• DF: When recruiting on character, I want to know the person is like – could I go for a beer with them? We don’t use any psychometric testing. Get to know someone. What are their core values? What do they believe in? Evaluating character is a granular thing. How will this help shape other staff too? Trying to find it is hard, but there is nothing better than talking to people.

Enhancing Cognitive Performance: Insights into Learning, Decision Making & Neuroscience

Speaker: Amy Kruse, Former Program Manager, Defense Advanced Research Projects Agency (DARPA)

  • The brain is an electronically organ. Indicating the functions that go on in the brain are important. We can understand what happens in those particular regions.
  • We can train novices to adopt the expert brain state. On an expert team, you see a ‘cleanliness of communication’, even in a high stress situation. Expert brains also recover from errors faster.
  • Novice teams are both out of sync, have a messier communication style, and they perseverate on things that they’ve done wrong.
  • Sometimes the person who is more quiet and reserved is actually seen as the more natural leader
  • If you’re learning a new skill, this is enabled in the brain by neuroplasticity. Deliberate practice is the key to building that master level performance.
  • Experts are those who have a good picture of what perfect looks like, and can give themselves feedback as well as ask for feedback on how to improve. We can’t improve and get to the that mastery of performance without feedback.
  • The brain can change. It can be re-wired. Thinking about athletes, the ideal is to work with them from a young age of course. However, if your athletes are already adults when you start to work with them, it doesn’t mean you can’t improve their cognitive functioning.
  • We transit through a number of different states. When we talk about mental skills, don’t just think about one or two things.
  • It’s very difficult to create high pressure situations in training. One way to do it is do it away from the context of your own sport.

Making Strides: Exploring the Relationship Between Wellbeing & Elite Performance

Speaker: William Parham, Director of Mental Health & Wellness, NBPA

Moderator: Dehra Harris, Asst. Director of High Performance Operations, Toronto Blue Jays

  • If you understand the baggage that an athlete may be carrying around, and put a structure around them to support them, will give them an opportunity to increase their performance level. Tapping in on untapped genius.
  • ACE Study: 65% of women have had 1-4 adverse childhood experiences. 63% of men.
  • DH: There is nothing more powerful than trauma to take your brain offline.
  • If you write the word LISTEN, you’d all have a different definition. However, in those six letters is the answer on how to do it well – rearrange the letters and you have SILENT.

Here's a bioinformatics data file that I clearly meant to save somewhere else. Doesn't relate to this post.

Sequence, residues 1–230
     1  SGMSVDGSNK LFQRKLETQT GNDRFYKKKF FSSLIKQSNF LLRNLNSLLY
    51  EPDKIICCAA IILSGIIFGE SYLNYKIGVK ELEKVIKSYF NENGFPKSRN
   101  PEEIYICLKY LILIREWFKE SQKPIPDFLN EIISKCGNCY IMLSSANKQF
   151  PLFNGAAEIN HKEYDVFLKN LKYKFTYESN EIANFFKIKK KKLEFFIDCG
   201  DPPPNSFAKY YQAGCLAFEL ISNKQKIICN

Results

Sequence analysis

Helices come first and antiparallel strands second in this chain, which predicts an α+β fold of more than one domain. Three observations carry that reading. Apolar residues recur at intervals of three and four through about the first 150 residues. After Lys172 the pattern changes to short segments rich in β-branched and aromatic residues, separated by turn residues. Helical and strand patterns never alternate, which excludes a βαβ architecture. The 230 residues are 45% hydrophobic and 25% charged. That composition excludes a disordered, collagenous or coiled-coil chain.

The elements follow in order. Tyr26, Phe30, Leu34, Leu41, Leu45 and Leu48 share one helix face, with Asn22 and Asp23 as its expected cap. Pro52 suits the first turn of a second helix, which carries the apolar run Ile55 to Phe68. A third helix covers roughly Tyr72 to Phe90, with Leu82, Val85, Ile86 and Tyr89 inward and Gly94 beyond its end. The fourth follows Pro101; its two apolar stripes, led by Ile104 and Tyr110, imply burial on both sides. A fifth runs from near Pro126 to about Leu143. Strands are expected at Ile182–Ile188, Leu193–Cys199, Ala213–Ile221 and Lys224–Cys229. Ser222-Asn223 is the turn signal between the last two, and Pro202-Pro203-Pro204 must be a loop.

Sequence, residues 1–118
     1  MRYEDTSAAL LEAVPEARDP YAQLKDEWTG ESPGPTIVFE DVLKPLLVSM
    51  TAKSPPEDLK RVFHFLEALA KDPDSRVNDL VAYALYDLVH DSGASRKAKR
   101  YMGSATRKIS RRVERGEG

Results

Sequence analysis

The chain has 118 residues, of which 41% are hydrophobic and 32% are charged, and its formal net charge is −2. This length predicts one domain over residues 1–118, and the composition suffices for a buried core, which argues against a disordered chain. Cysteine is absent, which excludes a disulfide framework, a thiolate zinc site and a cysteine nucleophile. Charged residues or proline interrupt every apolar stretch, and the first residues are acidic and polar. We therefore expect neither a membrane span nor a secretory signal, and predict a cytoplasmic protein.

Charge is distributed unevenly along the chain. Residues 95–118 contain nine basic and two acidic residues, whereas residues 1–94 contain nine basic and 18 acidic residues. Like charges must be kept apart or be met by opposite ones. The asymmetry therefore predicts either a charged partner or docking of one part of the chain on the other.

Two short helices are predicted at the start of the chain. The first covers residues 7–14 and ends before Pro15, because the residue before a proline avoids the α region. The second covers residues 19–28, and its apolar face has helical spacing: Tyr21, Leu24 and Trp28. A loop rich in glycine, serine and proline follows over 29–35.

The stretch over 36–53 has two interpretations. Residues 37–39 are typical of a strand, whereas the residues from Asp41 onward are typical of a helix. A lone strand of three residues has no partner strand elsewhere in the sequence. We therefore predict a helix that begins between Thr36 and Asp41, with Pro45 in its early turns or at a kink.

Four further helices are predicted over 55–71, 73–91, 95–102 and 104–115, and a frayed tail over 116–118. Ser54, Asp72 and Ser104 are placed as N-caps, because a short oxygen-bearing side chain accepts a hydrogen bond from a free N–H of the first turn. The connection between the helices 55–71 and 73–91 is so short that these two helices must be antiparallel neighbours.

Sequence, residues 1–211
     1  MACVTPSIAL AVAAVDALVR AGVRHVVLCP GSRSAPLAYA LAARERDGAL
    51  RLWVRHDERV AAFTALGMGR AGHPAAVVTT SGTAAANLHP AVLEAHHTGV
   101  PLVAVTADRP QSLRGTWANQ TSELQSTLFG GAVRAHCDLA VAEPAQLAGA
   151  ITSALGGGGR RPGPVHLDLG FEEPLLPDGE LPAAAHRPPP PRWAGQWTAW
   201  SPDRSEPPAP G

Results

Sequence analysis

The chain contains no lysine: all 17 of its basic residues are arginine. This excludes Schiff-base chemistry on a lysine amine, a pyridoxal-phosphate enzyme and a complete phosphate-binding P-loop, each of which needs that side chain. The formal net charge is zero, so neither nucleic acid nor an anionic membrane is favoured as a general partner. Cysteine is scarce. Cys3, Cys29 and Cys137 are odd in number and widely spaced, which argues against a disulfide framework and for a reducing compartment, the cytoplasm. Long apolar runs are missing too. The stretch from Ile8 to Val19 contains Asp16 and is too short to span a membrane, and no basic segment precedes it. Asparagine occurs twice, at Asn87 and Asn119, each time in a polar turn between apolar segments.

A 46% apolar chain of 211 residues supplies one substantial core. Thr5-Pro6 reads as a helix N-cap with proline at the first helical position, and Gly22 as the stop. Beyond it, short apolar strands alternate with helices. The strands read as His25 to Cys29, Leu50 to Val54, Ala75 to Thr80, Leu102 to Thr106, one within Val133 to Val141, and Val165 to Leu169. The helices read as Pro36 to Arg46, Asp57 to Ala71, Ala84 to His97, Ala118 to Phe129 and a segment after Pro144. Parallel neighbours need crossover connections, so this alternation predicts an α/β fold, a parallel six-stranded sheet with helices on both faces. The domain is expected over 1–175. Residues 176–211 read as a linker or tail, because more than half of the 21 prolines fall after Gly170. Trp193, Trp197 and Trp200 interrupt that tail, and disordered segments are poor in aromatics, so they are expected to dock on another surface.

• You have to have a functional interdisciplinary approach to wellbeing and mental health.
  • Intervention and prevention is very important – so make sure there is a support system, especially when there are high risk periods.
  • Educating staff on wellbeing is important to creating an effective approach for the athlete. Everyone needs to be on the same page.

Nevada’s Finest: Coaching & Developing the World’s Leading Fighter Pilots

Speaker: Brig. Gen. Robert Novotny, Brigadier & 57th Wing Commander, US Nellis Air Force Training Base

  • We do endless amount of planning and training on how to mission plan appropriately, to help people execute successfully.
  • We have a strong culture of the debrief in the fighter pilot community. Debriefs can be from 4-7 hours long. Create and recreate the environment.
  • Service before self – you take your rank off during debrief so you can hold each other accountable
  • When it comes to coaching coaches, we take it to another level. It’s something we focus on a lot and create opportunities for them to get out of their own bubble.
  • Expert + humility = trust & vulnerability. Imperfectionist perfectionist who have high standards and shared goals.
  • We develop a robust understanding of how to perform under stress. This helps to realise when it may afflict you, and can therefore build up a resilience against it.

Are We All Optimised?: Lessons in Making Intelligence a Competitive Advantage

Speaker: Cody Royle, Author of Where Others Won’t & Head Coach AFL Team Canada

  • Optimising talent shouldn’t stop with athletes, it needs to extend to your coaches and staff too.
  • How can we take better care of ourselves? If we can do that, we can take better care of those in our organisation.
  • Asking a question on self care in interviews and the recruitment process can be useful. How do you take care of yourself? How can we as an organisation help with that?
  • Cross-departmental sharing of intelligence is impactful and important. Especially within the realms of mental performance. Training in the corporate team could well have knock on effects in time with the athletes. An aligned organisation.